Improving how we engage with customers


Transforming our products and services



Streamlining our operations

4.2 Proactive and Embracing*

Motivated but Constrained

Scale out of 5

How to transform your organisation

15Embracing digital transformation: Experiences from Australian organisations. Microsoft Australia 2016.

How to transform your organisation

A clear digital transformation strategy provides a foundation for success. It should align with an organisation’s value proposition and have the potential to be effectively embedded and scaled.

A large majority of the organisations we spoke to had formulated digital transformation strategies for supporting broader business objectives. Half of these strategies were initiated in the past two years.

We found that organisations did not follow formal, structured programs for executing on their strategies; rather, they let digital initiatives evolve. This flexible approach makes sense in light of the speed with which technology is developing, and the traits of organisations that successfully transform (characteristically entrepreneurial, agile and competitive).

As Ros Harvey, founder and Managing Director of the agricultural technology company The Yield, said, “When you are creating something completely new, there’s no road map. You are inventing every day.”

Anthony Stevens, Chief Digital Officer at KPMG, also described his firm’s transformation as a work in progress. “I think in some areas, it’s more or less formalised; in some areas, it’s emerging and pretty embryonic,” he said.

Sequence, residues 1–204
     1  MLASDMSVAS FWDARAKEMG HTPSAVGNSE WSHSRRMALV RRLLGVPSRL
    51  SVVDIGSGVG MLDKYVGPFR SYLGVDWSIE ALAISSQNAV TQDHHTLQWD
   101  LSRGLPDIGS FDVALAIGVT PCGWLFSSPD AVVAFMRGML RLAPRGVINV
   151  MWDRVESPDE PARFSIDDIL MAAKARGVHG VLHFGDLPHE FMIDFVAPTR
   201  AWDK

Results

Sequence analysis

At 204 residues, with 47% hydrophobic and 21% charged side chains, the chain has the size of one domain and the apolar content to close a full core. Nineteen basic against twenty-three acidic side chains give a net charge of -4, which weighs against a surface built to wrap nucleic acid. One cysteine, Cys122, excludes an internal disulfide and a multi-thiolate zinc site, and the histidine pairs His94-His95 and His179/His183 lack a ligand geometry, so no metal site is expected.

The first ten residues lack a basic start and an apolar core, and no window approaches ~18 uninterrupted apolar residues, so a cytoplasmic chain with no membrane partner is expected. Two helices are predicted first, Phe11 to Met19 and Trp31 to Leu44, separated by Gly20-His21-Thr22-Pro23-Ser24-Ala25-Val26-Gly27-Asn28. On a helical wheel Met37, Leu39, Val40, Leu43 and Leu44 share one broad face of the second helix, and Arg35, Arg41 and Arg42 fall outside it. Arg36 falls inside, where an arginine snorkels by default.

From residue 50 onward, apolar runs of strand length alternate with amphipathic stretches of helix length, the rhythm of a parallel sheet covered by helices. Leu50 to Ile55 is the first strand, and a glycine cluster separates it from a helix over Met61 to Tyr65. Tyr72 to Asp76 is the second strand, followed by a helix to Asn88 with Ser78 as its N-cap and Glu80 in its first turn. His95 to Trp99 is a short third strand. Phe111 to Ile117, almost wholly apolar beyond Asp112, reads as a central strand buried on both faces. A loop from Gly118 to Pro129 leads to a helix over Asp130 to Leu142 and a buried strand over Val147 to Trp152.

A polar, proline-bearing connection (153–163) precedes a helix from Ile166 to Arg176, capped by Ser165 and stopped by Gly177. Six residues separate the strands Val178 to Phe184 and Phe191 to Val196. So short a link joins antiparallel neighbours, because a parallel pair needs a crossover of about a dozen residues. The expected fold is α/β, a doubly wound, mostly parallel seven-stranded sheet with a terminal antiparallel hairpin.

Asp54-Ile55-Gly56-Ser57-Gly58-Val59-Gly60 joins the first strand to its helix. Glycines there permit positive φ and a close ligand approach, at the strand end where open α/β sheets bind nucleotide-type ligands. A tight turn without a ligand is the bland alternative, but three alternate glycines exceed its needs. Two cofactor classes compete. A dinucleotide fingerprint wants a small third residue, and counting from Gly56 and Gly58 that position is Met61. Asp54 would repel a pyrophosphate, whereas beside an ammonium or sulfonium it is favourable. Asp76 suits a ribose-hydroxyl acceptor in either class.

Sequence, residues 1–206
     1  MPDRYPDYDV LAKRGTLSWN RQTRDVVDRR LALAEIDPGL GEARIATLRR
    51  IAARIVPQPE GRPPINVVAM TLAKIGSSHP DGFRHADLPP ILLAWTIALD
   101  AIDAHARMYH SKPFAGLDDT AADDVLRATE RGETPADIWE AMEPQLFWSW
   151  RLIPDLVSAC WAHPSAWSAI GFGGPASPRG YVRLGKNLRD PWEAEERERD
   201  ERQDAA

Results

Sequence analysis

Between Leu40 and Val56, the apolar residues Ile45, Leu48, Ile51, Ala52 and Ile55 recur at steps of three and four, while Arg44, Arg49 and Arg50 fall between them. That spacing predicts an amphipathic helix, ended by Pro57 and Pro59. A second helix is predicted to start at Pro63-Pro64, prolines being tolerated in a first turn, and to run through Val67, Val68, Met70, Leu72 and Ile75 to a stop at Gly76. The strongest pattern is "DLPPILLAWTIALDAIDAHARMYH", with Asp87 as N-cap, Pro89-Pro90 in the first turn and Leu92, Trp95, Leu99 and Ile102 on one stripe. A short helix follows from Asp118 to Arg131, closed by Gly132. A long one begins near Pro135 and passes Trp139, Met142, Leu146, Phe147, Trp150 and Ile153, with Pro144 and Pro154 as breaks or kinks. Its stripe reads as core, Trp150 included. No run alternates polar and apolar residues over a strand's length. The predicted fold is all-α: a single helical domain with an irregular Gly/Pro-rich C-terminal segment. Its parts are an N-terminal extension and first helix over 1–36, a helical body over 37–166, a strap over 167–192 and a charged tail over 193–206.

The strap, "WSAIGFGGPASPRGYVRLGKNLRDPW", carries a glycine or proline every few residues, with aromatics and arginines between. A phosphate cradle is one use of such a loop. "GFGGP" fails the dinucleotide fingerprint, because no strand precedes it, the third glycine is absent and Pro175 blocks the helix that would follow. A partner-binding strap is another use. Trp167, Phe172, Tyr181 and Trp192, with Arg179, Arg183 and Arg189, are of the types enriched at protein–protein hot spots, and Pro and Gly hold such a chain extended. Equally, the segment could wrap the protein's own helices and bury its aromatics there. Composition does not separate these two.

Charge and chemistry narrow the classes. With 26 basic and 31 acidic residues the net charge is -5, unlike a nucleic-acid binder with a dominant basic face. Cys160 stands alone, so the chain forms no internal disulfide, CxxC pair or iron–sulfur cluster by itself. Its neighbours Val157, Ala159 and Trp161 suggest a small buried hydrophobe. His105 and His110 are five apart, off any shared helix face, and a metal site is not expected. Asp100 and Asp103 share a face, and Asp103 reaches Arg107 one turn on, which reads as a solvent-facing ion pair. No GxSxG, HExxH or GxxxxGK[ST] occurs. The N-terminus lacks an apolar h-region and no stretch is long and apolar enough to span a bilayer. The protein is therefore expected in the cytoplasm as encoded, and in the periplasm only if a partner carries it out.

Most organisations recognised the importance of questioning existing business models and experimenting with new ones. Nevertheless, only a handful were acting on this as part of their digital transformation.

Set a strategy – and measure your success

Digital transformation starts with a strategic plan and centres on one or more of the following areas in a business: customers, employees, operations and products. The final step is to measure the results to assess impact and inform future initiatives.

16Embracing digital transformation: Experiences from Australian organisations. Microsoft Australia 2016.

How to transform your organisation

One such organisation was the mortgage broker Aussie. Richard Burns said the organisation had changed various structures in the past 12 months as part of its digital strategy. This included restructuring marketing and technology teams, implementing process innovations and refocusing to make the most of new skillsets.